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How marketers can play their part in avoiding greenwashing scandals
By our News Team | 2022
Among other things, astute marketers can help their companies to avoid the ‘seven deadly sins of greenwashing,’ advises marketing body.
Consumers, pressure groups and regulatory authorities are increasingly aware of – and cracking down on – corporate greenwashing. So how do marketers play their part in helping their organisations to be authentic and avoid the many pitfalls?
In a recent article published on its website, the American Marketing Association (AMA), gives some advice gleaned from experts.
Nina Goodrich, Director of the Sustainable Packaging Coalition, cites the seven sins of greenwashing: the sin of the hidden trade-off, sin of no proof, sin of vagueness, sin of worshiping false labels, sin of irrelevance, sin of the lesser of two evils, and the sin of fibbing.
Photo by Philipp Mimkes via Wikimedia Commons
Goodrich concluded that all of these greenwashing issues are still rampant. “An example of one of the most egregious claims that we see is stating a package is ‘100% recyclable.’ However, nothing is 100% recyclable because packaging uses inks, coatings, adhesives and other materials,” Goodrich said.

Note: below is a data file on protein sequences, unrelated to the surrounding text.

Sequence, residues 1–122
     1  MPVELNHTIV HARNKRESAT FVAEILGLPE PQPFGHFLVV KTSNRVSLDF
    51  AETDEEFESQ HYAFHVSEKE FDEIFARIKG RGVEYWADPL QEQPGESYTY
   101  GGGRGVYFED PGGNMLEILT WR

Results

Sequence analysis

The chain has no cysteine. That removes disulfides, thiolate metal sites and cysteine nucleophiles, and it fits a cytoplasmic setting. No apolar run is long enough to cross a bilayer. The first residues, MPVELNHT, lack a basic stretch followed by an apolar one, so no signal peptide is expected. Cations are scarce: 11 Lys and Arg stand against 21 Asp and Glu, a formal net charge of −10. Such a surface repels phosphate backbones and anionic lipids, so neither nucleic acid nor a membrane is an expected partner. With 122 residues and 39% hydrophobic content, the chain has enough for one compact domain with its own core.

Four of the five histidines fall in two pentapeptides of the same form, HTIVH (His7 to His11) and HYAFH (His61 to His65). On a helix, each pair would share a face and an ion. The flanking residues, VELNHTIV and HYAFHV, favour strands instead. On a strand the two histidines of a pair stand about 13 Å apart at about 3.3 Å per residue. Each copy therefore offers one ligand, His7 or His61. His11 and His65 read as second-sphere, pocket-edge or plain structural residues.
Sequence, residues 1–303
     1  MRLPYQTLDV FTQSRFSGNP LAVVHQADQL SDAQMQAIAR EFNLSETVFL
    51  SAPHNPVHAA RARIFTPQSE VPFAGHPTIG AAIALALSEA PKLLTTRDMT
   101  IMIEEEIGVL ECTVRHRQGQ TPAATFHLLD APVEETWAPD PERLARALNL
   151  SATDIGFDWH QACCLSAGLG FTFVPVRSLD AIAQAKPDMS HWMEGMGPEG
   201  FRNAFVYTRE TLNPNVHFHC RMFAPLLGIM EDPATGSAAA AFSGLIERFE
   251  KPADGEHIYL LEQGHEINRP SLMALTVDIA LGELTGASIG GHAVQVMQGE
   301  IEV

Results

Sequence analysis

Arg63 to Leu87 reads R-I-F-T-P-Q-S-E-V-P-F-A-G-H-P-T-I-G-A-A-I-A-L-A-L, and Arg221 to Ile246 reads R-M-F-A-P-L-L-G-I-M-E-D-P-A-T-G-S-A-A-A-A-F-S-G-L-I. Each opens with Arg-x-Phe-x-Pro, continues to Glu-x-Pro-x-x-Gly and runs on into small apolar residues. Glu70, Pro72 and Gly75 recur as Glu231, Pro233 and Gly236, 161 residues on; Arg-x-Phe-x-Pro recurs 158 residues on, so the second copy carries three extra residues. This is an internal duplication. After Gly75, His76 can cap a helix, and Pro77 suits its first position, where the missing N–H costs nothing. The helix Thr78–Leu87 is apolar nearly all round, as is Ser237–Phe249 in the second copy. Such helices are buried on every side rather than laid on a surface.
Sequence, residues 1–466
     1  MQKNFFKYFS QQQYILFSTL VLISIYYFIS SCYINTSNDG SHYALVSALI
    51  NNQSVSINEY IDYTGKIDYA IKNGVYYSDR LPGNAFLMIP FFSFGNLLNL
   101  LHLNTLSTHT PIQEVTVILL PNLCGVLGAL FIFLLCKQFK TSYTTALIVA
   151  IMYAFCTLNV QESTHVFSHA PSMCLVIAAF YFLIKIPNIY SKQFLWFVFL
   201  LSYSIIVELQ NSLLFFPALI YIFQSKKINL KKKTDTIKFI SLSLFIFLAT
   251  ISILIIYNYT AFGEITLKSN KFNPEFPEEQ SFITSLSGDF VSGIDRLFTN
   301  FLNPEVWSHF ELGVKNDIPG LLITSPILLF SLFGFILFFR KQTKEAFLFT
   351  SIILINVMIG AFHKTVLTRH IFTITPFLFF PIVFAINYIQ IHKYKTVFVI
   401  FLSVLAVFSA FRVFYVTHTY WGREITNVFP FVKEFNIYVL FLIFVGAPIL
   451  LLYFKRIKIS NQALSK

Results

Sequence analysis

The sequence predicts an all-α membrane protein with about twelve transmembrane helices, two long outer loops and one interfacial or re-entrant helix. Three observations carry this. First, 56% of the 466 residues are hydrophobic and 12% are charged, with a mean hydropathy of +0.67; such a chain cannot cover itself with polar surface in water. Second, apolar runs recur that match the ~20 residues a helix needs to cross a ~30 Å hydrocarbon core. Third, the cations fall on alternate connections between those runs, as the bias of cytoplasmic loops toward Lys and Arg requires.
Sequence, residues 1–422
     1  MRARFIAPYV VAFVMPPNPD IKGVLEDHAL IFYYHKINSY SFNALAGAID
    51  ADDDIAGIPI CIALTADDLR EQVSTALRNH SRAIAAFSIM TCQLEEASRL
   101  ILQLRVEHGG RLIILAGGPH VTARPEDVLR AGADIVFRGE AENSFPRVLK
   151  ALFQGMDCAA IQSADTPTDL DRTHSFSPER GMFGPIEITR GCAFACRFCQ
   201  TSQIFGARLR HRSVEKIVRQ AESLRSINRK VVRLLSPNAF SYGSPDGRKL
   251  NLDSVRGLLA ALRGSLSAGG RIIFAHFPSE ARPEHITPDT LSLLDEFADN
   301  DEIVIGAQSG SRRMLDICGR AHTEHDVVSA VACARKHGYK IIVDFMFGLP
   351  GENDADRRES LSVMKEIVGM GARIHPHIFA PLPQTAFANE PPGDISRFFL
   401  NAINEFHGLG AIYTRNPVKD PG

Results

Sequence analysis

Some products are merely a PR exercise
Brian Hauck, Design Manager and sustainability expert for US-based business services company CBX, notes that while some companies may introduce a product to show its commitment to protecting the environment, that step is often performed to generate positive PR rather than for its impact on the earth.
“The reason you should be committing to eco-friendly practices as marketers or package designers is not only to get credit for it, but because it’s the right thing to do,” he said. “The planet is in peril.”
Companies that really want to make a difference with sustainability efforts should start by putting together a list of sustainability goals and an action plan to make it happen, Hauck believes.
“Recyclability and other eco-friendly claims are going to be ‘table stakes’ (must-haves) for brands because as each generation ages, sustainability becomes more important,” he said. “It’s going to be required by a lot of retailers. There are several [US] states, and even the [US] Federal government, which will be requiring more sustainable solutions from marketers of consumer-packaged goods.”
Avoiding greenwashing is not difficult, as long as a company stays true to its word and follows its plan accordingly, the AMA article emphasises.
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